The Consequences of Fiscal Decentralization on Poverty and Income Inequality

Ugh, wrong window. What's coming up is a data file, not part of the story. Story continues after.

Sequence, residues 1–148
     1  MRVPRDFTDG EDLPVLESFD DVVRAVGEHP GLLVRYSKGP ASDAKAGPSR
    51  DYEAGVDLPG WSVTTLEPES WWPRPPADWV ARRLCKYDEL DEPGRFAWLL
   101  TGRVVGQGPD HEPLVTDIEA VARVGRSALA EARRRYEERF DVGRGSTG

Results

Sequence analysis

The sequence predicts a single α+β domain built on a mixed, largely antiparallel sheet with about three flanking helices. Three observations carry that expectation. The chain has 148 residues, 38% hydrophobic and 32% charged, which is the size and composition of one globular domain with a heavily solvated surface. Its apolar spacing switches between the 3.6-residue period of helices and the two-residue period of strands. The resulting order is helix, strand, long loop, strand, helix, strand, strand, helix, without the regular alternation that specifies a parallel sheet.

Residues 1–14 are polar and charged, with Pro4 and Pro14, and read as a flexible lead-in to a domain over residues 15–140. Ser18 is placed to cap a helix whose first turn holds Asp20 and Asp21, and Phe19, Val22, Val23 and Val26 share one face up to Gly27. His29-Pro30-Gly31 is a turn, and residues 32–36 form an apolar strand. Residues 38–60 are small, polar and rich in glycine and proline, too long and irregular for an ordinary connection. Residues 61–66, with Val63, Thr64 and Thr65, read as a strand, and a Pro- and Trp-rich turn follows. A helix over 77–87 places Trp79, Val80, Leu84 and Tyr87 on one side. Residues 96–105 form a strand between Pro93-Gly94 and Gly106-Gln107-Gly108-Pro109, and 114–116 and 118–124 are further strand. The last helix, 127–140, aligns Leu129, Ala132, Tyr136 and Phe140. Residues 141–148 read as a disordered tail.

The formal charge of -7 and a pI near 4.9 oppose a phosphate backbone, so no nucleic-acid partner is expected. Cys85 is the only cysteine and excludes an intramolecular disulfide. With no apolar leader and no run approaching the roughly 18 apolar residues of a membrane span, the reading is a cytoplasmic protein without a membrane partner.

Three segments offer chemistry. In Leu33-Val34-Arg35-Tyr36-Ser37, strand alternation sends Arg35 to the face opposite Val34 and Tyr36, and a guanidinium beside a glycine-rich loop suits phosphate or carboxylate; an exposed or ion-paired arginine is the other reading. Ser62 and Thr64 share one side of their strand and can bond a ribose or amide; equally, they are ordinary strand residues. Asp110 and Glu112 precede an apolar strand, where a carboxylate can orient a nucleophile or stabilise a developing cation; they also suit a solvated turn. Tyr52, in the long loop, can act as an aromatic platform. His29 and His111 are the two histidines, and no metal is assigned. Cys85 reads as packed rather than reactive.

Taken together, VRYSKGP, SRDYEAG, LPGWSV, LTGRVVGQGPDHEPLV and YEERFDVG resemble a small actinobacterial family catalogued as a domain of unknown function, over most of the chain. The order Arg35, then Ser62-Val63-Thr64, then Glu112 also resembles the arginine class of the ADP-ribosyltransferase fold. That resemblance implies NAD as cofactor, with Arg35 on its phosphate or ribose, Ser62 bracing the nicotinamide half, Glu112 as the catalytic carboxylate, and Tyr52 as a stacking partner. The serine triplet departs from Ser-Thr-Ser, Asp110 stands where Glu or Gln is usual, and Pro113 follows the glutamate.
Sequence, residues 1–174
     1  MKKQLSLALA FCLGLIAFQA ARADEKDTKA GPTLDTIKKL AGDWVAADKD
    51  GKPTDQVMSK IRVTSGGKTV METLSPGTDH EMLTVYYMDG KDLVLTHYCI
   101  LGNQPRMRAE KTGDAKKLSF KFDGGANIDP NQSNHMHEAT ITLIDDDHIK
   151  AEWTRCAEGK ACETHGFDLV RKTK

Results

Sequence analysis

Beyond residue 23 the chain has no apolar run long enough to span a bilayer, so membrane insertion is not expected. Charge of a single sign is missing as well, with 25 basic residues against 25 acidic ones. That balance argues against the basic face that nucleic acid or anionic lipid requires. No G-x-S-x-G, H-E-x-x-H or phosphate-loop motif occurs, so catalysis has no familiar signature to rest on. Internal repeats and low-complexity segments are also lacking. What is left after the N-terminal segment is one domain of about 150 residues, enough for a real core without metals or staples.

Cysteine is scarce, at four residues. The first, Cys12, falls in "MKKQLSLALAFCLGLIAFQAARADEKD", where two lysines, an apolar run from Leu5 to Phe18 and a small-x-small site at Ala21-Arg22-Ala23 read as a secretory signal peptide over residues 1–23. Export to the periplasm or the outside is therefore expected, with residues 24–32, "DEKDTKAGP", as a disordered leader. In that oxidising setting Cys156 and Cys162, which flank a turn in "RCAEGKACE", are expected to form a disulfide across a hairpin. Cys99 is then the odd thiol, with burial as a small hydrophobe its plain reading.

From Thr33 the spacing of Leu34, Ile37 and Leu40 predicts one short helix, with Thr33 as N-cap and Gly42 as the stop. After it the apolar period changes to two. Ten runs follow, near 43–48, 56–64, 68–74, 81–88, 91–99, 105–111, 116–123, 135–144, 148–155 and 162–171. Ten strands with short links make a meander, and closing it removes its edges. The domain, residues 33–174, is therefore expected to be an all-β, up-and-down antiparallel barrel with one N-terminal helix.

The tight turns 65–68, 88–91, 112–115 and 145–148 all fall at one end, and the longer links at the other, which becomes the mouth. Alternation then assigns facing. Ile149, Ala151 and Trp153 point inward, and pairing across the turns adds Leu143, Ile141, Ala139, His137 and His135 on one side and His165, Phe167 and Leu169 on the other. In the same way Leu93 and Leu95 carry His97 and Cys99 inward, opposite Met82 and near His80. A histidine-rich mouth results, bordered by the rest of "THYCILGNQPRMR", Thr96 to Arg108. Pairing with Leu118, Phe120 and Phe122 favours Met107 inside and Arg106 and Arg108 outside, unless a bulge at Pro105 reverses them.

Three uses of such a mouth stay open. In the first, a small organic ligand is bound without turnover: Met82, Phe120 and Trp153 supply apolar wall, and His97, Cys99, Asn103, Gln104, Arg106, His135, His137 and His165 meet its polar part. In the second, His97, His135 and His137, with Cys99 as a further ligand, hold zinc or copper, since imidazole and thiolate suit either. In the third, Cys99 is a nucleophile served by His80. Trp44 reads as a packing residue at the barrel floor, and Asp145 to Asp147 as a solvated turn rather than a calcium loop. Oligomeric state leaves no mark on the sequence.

Many countries around the world are currently pursuing policies for poverty reduction and improving income distribution. Many of these same countries are also aggressively implementing fiscal decentralization reforms. Although fiscal decentralization, poverty and the distribution of income have been the subject of extensive separate theoretical and empirical research, to date we have little understanding of what may be the impact of fiscal decentralization on poverty and inequality. This paper sets out to shed some light on those relationships. After reviewing the literature addressing different aspects of these relationships, the paper describes the possible channels through which fiscal decentralization might affect poverty and income inequalities. We also carry out an empirical analysis with panel data for a large number of countries at different stages of development covering the period 1971-2000. We find that fiscal decentralization may have significant effects on poverty and inequality. In particular, fiscal decentralization appears to reduce poverty as long as the share of sub-national expenditures is not greater than one third of total government expenditures. Fiscal decentralization appears to also help reduce income inequality only if the general government represents a significant share of the economy (twenty percent or more).
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